Archive for the ‘church’ Category

Resting in Tintern Abbey

March 27, 2018

tintern abbey

And I have felt

A presence that disturbs me with the joy

Of elevated thoughts; a sense sublime

Of something far more deeply interfused,

Whose dwelling is the light of setting sun,

And the round ocean and the living air,

And the blue sky and in the mind of man:

A motion and a spirit, that impels

All thinking things, all objects of all thought,

And rolls through all things. 

William Wordsworth, “Lines Composed a Few Miles above Tintern Abbey, on Revisiting the Banks of the Wye during a Tour, July 13, 1798”

I feel this impulse to publish yesterday’s “journal”, Monday March 26, 2018. I awoke at seven a.m. in the basement of The Redlands Hotel in Palestine, Texas, one of my favorite spaces in the world. It is an apartment beneath The Gallery at Redlands where we have just celebrated our one-year anniversary of the gallery opening. After reading and scribbling in my journal while enjoying a glass of orange juice, I then went out to the cool breezy morning and commenced a two-mile walk about the historic downtown, filling my eyes and imagination with the multitude of shop facades that had more activity fifty years ago than they did this morning.

After showering and dressing, I set out for my two-hour journey to Fort Worth. I had a Humanities class at noon. While gassing up at a filling station out in the country north of Palestine, I was shocked to see that the Harley behind which I had parked at the pumps belonged to Dave Shultz, the photographer and webmaster for The Redlands Hotel who has become such a legend about that place and with whom I became friends only a few months ago. We stood and chatted far too long, because I had a class I needed to make. But I couldn’t help myself–talking with him is always an exhilarating experience and we never run out of subjects to explore. He was just beginning a two-day road odyssey on his Harley, as is his lifestyle, taking pictures and ruminating on the surrounding countryside. I envied him, for I had a job to do, and was in danger of being late.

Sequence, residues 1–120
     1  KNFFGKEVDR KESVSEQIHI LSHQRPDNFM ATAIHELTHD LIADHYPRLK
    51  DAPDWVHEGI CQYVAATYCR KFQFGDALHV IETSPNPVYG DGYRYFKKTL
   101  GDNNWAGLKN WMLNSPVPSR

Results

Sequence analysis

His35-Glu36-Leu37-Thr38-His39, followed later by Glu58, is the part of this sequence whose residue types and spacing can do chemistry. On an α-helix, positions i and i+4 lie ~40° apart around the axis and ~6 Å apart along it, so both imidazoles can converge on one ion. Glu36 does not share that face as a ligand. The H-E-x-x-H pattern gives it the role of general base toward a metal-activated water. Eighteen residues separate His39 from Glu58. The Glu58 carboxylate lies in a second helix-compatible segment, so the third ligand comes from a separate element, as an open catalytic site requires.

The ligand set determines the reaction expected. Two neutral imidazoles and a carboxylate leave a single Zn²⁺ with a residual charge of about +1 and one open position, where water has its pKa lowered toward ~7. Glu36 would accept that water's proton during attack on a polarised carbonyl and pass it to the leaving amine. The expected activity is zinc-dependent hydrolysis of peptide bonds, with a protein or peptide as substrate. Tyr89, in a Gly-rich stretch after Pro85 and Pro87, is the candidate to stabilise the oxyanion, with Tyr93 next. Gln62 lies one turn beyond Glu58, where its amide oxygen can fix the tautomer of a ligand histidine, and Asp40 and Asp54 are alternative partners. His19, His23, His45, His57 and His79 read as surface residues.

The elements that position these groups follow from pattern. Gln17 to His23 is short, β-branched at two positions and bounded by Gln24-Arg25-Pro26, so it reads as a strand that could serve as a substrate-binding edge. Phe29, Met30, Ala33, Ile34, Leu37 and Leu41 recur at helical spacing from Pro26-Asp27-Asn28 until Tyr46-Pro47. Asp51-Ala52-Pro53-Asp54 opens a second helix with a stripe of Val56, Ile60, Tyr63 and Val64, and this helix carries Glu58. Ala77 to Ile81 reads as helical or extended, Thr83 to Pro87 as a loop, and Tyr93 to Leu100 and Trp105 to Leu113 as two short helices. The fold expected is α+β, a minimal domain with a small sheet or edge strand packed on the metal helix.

To my surprise, after two hours of driving across the country, I walked into my first class at exactly 12:00 noon. Of course the students wondered, because I am always the first one there, long before time to start. Some of them arrive as early as fifteen minutes before start time, and we always enjoy chatting while waiting to begin. Our topic of discussion was Henry David Thoreau’s second chapter of Walden, and nobody let me down–the discussions of the two back-to-back classes were lively and engaged. I was floating on a cloud when it came time to leave.